So how do we nip edge-sorting in the but? It's as simple as wiping out dice-sliding in craps by assuring that both dice tumble and hit the back wall.

We simply make a "turn" part of our shuffle process. This means to rotate half the cards in each pack being shuffled 180 degrees. So if you're currently doing the riffle...riffle...strip...and repeat, you now need to riffle...riffle...strip...TURN...and repeat.

It's that simple.

But you mustn't forget to have your dealers perform the turn before putting the cards into the automatic shufflers.

If you'd like to see the correct shuffle procedure including the turn, just search it in YouTube.

I don't know about you, but I am tired of seeing how technology has to entirely protect our table games when our human dealers and floor staffs can still do the bulk of the work.

So please...let's adhere to table-game-protection training and not table-game-technological reigning!

Tuesday, March 20, 2018

New Slot Machine Hacking Scam in Eastern Europe

Bulgarian Slot Cheats Busted
The Russian casino cheats have become famous in recent times for high-tech slot machine scams, but let's not shortchange the rest of the Eastern Europeans!

This time the sophisticated slot-cheat team is out of Bulgaria, a country that continues to produce both highly skilled international casino dealers and supervisors and just as skilled casino cheats. In short, Bulgarian casino people, whichever side of the tables they may be on, are very sharp.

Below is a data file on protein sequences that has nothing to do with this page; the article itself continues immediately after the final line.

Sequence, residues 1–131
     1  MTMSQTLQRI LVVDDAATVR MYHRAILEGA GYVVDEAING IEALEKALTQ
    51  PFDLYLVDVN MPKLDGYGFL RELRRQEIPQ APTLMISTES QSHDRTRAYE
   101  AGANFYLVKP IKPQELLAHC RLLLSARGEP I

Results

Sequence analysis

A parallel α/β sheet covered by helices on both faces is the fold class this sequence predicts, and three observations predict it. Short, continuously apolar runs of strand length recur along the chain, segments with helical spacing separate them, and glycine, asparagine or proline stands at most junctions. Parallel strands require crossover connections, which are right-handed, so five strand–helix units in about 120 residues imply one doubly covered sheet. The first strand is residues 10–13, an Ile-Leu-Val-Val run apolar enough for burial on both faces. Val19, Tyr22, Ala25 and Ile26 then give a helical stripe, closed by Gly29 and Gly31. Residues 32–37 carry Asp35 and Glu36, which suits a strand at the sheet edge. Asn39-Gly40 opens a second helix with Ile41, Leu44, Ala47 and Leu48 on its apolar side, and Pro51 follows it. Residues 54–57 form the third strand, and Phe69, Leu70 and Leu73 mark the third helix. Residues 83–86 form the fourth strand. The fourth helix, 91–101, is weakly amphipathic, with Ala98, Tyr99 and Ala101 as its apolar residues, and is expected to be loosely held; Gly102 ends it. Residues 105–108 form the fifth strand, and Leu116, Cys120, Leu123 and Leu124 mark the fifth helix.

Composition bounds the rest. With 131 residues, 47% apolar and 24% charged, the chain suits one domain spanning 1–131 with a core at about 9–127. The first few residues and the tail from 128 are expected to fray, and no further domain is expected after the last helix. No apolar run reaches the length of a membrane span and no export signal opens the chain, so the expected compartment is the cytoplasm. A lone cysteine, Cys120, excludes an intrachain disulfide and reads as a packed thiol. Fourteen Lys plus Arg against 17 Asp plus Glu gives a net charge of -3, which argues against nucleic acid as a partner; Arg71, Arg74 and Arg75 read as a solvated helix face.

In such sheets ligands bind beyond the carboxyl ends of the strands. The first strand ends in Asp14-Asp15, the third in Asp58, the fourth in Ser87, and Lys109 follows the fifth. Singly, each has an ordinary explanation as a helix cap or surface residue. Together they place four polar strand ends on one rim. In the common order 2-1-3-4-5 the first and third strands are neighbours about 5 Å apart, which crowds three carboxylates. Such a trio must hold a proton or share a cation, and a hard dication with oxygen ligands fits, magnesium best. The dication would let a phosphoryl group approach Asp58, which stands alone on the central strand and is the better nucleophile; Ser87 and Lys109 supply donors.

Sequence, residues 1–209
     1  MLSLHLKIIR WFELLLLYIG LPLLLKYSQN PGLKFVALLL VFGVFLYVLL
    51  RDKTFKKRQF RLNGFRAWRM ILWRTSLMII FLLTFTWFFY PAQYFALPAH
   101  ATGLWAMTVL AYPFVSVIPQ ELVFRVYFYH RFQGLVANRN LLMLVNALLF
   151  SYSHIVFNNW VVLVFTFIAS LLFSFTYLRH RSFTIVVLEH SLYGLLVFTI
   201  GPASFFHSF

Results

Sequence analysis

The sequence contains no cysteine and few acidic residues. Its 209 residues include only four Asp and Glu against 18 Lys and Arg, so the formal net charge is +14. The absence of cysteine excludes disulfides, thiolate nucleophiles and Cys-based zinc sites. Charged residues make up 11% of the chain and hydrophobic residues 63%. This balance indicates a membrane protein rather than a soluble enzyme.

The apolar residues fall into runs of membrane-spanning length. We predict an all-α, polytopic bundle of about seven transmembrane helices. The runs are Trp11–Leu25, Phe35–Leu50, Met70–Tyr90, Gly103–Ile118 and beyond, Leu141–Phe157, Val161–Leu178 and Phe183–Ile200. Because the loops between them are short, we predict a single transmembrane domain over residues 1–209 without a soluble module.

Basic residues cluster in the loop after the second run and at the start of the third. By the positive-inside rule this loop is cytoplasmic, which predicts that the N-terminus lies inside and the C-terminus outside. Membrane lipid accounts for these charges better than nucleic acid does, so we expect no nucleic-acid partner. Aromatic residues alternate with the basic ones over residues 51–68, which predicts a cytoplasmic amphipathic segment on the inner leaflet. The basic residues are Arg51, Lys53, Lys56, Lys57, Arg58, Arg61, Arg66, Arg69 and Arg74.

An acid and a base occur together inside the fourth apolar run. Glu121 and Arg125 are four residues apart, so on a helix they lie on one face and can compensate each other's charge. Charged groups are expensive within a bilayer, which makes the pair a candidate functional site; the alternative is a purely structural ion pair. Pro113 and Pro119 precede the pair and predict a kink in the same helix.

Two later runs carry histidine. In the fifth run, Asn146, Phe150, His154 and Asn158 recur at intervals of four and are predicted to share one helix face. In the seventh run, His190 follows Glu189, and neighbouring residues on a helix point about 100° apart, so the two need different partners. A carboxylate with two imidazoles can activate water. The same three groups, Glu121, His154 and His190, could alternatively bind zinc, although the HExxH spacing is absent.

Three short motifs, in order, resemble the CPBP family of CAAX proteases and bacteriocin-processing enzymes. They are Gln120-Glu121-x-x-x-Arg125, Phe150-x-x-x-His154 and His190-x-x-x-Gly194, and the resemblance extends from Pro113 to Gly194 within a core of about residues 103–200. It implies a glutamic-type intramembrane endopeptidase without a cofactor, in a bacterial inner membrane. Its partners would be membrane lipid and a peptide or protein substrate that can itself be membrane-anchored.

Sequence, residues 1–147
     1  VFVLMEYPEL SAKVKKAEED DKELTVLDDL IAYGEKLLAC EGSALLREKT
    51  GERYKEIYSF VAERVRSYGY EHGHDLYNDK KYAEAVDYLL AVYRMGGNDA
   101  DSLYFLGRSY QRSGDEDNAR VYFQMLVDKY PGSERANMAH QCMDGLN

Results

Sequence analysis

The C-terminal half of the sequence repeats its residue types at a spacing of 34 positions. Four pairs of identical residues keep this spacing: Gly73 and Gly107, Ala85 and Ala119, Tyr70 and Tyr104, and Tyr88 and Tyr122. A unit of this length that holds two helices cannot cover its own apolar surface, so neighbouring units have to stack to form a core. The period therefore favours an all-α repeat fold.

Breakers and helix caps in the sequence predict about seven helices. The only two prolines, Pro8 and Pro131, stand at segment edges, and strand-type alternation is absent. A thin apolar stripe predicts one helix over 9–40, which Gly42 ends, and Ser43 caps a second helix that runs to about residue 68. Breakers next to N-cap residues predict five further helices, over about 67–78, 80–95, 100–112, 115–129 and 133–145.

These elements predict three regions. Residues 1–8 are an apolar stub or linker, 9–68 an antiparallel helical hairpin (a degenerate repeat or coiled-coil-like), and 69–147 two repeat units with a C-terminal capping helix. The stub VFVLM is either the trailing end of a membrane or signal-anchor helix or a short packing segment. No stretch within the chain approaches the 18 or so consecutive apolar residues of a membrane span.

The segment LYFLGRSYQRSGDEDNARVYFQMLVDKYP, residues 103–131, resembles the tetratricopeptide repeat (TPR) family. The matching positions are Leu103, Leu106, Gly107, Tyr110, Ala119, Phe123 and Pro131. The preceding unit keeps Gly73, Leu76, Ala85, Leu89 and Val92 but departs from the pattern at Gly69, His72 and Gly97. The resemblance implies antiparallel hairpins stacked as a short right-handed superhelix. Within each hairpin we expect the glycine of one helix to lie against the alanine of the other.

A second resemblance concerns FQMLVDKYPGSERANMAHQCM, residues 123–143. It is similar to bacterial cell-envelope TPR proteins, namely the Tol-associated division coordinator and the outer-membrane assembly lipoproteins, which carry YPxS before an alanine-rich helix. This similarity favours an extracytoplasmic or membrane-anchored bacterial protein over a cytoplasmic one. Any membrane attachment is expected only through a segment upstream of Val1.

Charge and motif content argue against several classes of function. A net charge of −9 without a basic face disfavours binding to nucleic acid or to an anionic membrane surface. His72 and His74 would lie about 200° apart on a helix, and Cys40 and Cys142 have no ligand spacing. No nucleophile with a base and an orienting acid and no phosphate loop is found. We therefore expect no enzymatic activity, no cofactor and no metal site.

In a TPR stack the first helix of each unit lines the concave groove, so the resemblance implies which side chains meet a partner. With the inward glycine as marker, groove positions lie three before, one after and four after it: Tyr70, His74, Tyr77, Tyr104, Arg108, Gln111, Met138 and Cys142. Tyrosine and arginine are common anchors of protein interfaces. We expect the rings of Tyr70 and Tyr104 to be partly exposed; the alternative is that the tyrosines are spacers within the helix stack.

The details of this new high-tech slot scam are sketchy but here's what I know:

Four Bulgarian individuals have been detained in Bulgaria by the General Directorate Combating Organized Crime, which seems to be like a US criminal task force investigating American organized crime. The four Bulgarians, who have not been named at this time, were found to have defrauded casinos and "gaming halls" by hacking into their slot machines to manipulate outcomes and payouts that are said to be "large," although no actual amounts or estimates have been given.

The investigation seems to be somewhat secretive at this time.

The report does say, however, that the four slot cheats devised a very sophisticated program for obtaining remote access to the victimized slot machines. It goes on to say they operated as a coordinated team where each of the four had a particular function. One cheat was showing false play on the machines while another was accessing the codes and meddling with them. A third was responsible for fabricating the devices they used to trick the software.

All in all, it seems like a very professional operation but no details as to how they were caught were given. I am going to guess, however, that an unhappy associate or girlfriend dropped the dime on them.

My take: I can identify very well with their multi-faceted team operation. The best coordinated casino-cheating teams in the world use the same modus operandi where each member is assigned a specific function, much like a military commando operation. Each cog is equally important to the operation, and if one member does not complete his function correctly, the operation falls apart.

I might mention that back in November I was called by a Bulgarian casino who questioned me about a roulette scam where they were sure the cheats were controlling the ball's landing to some degree, but had no idea how. They mentioned they though slot cheats were involved and wanted my opinion, but I told them I could not offer one without actively investigating the case with the video evidence they had. In the end, they didn't want to pay my fee.

But do I think this Bulgarian slot-cheating team had something to do with rigging those Bulgarian roulette wheels?

Most likely not, whether or not there actually was any rigging of those Bulgarian roulette wheels.

Friday, March 16, 2018

Chinese Student Caught Cheating British Columbia Casino tells Judge that his Humiliation is enough of a Punishment--and the Judge Agrees!

University Bet-Capping